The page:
You program in it! Take a look at church encodings. You can see how pretty much all arithmetic can be performed which should probably convince you that it is extremely powerful. I like to look at operations on lists however. You can define most any data structure in terms of a function that does the most important operation on it.
For instance an encoding of a list is the fold function that folds over it. Note this is not Church's encoding but one I got from Percie's types and programming languages. Church's pair encodings do not give us recursion we have to add it back in ourselves with some kind of recursion combinator.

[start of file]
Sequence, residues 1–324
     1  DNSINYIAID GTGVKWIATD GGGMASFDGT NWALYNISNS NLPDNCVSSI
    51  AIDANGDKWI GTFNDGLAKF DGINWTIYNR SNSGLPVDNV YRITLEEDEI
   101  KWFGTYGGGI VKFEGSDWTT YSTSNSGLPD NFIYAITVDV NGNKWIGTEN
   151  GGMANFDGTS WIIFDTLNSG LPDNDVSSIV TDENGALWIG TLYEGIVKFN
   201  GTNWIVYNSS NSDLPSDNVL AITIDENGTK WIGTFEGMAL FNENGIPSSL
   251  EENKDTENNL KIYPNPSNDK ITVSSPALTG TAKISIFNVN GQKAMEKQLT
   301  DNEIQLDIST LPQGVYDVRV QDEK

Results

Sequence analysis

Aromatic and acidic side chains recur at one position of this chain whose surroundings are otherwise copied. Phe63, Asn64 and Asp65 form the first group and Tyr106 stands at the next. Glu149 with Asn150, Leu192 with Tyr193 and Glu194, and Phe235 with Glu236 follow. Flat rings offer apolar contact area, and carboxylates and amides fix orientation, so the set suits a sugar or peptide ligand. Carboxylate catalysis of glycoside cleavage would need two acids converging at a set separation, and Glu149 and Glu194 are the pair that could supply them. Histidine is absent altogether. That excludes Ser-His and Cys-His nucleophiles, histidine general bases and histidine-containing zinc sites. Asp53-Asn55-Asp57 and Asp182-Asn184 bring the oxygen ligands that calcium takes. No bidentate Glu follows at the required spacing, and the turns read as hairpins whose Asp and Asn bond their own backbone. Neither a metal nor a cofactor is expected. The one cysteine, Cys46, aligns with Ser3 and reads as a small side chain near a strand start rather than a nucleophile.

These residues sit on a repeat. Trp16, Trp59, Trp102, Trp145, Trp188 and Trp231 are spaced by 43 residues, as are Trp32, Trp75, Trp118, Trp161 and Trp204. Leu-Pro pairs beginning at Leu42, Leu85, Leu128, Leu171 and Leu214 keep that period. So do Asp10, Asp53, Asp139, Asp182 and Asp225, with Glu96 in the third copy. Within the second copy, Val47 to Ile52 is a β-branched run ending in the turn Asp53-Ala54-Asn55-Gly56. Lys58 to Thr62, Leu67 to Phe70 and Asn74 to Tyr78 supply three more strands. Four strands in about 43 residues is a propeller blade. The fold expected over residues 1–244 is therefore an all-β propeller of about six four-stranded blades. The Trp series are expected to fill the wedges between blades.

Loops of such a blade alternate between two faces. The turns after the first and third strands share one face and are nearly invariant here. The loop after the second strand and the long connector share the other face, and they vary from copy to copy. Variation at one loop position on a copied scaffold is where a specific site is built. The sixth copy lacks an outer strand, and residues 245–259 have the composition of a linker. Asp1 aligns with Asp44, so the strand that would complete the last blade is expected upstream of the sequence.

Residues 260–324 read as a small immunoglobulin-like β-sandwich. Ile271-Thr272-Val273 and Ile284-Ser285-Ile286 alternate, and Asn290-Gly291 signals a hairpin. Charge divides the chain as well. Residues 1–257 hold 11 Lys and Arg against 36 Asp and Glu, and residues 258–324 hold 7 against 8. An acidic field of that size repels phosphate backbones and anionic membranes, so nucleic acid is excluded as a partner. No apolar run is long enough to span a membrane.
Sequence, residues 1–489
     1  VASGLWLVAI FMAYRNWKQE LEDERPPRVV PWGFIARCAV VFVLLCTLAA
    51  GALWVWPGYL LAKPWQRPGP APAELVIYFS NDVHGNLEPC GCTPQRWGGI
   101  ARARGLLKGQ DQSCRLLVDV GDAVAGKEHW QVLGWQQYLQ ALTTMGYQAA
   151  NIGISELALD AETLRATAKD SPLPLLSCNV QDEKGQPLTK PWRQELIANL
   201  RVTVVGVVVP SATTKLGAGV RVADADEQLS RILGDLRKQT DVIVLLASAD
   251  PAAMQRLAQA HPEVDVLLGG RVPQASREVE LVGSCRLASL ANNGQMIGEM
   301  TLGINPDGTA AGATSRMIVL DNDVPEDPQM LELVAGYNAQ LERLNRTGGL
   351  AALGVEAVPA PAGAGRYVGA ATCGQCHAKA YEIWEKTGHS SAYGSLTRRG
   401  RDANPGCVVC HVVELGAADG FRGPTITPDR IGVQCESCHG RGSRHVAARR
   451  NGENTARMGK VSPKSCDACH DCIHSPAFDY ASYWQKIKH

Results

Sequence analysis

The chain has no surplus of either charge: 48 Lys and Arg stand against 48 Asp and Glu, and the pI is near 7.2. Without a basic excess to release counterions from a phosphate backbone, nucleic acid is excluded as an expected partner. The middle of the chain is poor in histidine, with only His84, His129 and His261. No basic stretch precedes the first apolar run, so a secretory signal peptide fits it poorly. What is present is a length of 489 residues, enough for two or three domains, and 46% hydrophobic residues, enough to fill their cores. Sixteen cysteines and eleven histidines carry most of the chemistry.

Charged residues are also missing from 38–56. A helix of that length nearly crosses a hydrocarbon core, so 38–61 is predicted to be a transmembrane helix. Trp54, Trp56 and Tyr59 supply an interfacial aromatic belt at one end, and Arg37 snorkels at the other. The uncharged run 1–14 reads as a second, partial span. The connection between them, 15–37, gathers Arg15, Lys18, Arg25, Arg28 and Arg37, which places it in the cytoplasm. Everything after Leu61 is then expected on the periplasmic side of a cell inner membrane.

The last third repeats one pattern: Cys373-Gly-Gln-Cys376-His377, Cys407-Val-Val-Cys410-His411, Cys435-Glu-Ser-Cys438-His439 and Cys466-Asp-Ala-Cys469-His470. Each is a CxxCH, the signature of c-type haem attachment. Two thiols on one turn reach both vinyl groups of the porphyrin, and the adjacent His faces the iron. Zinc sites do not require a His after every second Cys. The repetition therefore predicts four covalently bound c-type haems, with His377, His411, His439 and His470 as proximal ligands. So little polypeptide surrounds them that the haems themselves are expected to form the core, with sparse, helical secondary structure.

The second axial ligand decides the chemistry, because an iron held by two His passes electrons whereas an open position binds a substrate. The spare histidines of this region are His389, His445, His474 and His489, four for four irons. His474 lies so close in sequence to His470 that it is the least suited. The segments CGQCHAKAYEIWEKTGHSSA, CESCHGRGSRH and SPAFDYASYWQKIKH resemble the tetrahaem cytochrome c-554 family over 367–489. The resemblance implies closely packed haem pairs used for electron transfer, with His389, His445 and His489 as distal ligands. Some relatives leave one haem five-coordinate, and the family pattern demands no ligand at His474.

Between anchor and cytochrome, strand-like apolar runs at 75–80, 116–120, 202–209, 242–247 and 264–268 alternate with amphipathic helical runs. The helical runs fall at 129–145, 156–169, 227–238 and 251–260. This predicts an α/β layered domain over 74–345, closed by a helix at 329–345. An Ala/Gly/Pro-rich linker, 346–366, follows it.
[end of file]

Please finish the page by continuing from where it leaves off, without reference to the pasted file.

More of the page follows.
so a list takes two arguments, a function to do the folding, and a initial value to plug into the fold at some point.
cons x xs = lam f. lam a. f x (xs f a)
nil = lam f. lam a. a
now we can define a summation given an add function (see church encodings from above)
sum xs = xs add 0
we can do more and define a map function
consApply f x xs = cons (f x) xs
map f xs = xs (consApply f) nil
if you are still not convinced that there is computation going on here and want to make sure that you can perform any computation then check out the fixed point combinator. It hurts my head a bit to think about sometimes however so I'm not sure I would call it intuitive but if you manually evaluate it with some arguments you can see what is going on.